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New Analyses Identify Predictive Biomarkers For Vectibix® (Panitumumab) In Patients With Metastatic Colorectal Cancer

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Amgen (NASDAQ: AMGN) recently announced results from three analyses of Vectibix® (panitumumab) in combination with FOLFOX, an oxaliplatin-based chemotherapy regimen, as a first-line treatment for metastatic colorectal cancer (mCRC). These analyses include the description of new predictive biomarkers of clinical response to Vectibix, activating mutations in KRAS (beyond exon 2) and mutations in NRAS, collectively referred to as RAS.

“Amgen helped establish KRAS gene mutation as a biomarker for lack of response to anti-EGFR treatment,” said Sean E. Harper , M.D., executive vice president of Research and Development at Amgen. “The identification of new biomarkers may further help to identify appropriate patients with this incurable disease for such treatment.”

The RAS biomarkers were identified in a predefined retrospective subset analysis of the PRIME trial, where RAS was defined as exons 2, 3 and 4 of KRAS and NRAS. Mutational status of tumors was determined by Sanger sequencing in parallel with WAVE®-based SURVEYOR® Scan Kits (CRC RAScan™) from Transgenomic, Inc. (TBIO). In this exploratory analysis, patients with wild-type RAS mCRC who were administered Vectibix in combination with FOLFOX demonstrated an improvement in median overall survival (OS) of 26.0 months compared to 20.2 months for patients treated with FOLFOX alone (HR = 0.78, 95 percent CI, 0.62-0.99).

Patients with mutant RAS tumor status had inferior progression-free survival (PFS) (HR = 1.34, 95 percent CI, 1.07-1.60) and OS (HR = 1.25, 95 percent CI, 1.02-1.55) when administered Vectibix in combination with FOLFOX chemotherapy versus FOLFOX alone. These results suggest that RAS mutation status beyond KRAS may be predictive of negative outcomes in patients receiving Vectibix plus FOLFOX in mCRC. Amgen is working to inform investigators and physicians of this important new safety information, as well as working with regulatory agencies regarding appropriate communication of the outcomes of this analysis.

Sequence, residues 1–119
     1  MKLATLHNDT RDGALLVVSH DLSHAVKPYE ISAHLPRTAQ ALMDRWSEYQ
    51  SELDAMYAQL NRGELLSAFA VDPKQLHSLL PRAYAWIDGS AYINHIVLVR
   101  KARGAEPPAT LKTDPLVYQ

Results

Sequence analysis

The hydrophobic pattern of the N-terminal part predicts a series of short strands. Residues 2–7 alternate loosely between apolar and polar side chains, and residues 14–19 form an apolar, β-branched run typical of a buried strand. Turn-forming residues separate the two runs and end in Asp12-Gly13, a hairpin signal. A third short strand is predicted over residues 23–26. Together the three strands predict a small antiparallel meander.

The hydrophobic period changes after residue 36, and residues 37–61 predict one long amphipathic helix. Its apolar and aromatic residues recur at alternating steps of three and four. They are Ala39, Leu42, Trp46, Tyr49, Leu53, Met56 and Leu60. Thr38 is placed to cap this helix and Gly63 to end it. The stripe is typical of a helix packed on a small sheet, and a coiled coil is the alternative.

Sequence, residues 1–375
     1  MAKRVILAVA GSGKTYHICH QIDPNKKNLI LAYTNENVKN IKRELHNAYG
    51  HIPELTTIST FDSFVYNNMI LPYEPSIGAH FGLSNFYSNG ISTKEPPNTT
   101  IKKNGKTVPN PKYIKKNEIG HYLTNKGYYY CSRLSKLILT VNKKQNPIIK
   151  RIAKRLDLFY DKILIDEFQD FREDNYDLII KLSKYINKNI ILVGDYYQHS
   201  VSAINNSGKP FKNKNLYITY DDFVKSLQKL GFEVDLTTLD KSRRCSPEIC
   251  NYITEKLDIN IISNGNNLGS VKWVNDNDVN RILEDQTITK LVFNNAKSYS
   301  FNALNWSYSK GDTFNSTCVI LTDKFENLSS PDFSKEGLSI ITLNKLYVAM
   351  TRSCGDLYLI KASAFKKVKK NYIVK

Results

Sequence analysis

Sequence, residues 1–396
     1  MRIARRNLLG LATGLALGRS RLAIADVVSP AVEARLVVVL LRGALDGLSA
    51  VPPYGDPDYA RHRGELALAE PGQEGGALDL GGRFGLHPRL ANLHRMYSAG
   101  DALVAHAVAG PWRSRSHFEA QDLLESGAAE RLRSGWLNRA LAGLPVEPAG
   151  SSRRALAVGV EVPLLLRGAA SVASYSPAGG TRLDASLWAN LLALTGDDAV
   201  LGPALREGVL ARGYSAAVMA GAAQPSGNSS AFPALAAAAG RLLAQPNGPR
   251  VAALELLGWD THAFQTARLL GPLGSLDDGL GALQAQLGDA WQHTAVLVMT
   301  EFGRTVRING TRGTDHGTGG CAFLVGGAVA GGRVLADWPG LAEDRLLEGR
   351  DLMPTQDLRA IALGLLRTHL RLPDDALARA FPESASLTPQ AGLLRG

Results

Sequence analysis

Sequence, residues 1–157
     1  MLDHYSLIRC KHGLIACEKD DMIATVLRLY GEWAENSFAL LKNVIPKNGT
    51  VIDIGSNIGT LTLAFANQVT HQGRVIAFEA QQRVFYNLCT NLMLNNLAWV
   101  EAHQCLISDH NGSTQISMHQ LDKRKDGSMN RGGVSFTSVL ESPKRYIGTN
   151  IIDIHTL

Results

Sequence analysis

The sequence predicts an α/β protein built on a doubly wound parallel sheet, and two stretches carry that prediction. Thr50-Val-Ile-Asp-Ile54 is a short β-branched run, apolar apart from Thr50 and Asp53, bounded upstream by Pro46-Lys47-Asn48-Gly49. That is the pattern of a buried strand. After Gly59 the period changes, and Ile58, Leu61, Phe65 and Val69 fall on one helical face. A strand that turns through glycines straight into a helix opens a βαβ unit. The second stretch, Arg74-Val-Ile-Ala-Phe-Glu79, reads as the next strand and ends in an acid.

Results of this study will be presented at the 2013 American Society of Clinical Oncology (ASCO) Annual Meeting on Tuesday, June 4, 8:00 a.m. – 12:00 p.m. CDT, S405 (Abstract No. 3511; Poster Discussion).

In a separate and updated exploratory analysis of longer follow-up of OS of the PRIME trial (primary endpoint of PFS), an improvement in OS was observed in patients with wild-type KRAS exon 2 mCRC treated with Vectibix in combination with FOLFOX. Median OS was 23.8 months compared to 19.4 months for patients treated with FOLFOX alone (HR = 0.83, 95 percent CI, 0.70-0.98). In both PRIME analyses, the most commonly reported adverse events for the Vectibix treatment arms included rash, hypomagnesemia and diarrhea. The adverse event profiles for the wild-type tumor and mutant tumor populations were similar.

Updated results of the study will be presented at the 2013 ASCO Annual Meeting on Sunday, June 2, 8:00 a.m. – 11:45 a.m. CDT, S Hall A2 (Abstract No. 3620; Poster).
In a separate predefined secondary objective subset analysis of the PEAK study, patients with wild-type RAS mCRC treated with Vectibix in combination with FOLFOX had a median PFS of 13.1 months compared to 9.5 months (HR = 0.63, 95 percent CI, 0.43-0.94) for patients treated with bevacizumab in combination with FOLFOX. Median OS was not reached in the Vectibix arm, but the OS HR favored the Vectibix arm (HR = 0.55, 95 percent CI, 0.33-1.01). The most commonly reported adverse events for the Vectibix treatment arm included rash, hypomagnesemia and dehydration. The adverse event profiles for the wild-type tumor and mutant tumor populations were similar. No new toxicities were identified for Vectibix.

Updated results of the study will be presented at the 2013 ASCO Annual Meeting on Sunday, June 2, 8:00 a.m. – 11:45 a.m. CDT, S Hall A2 (Abstract No. 3631; Poster).

Source: PR Newswire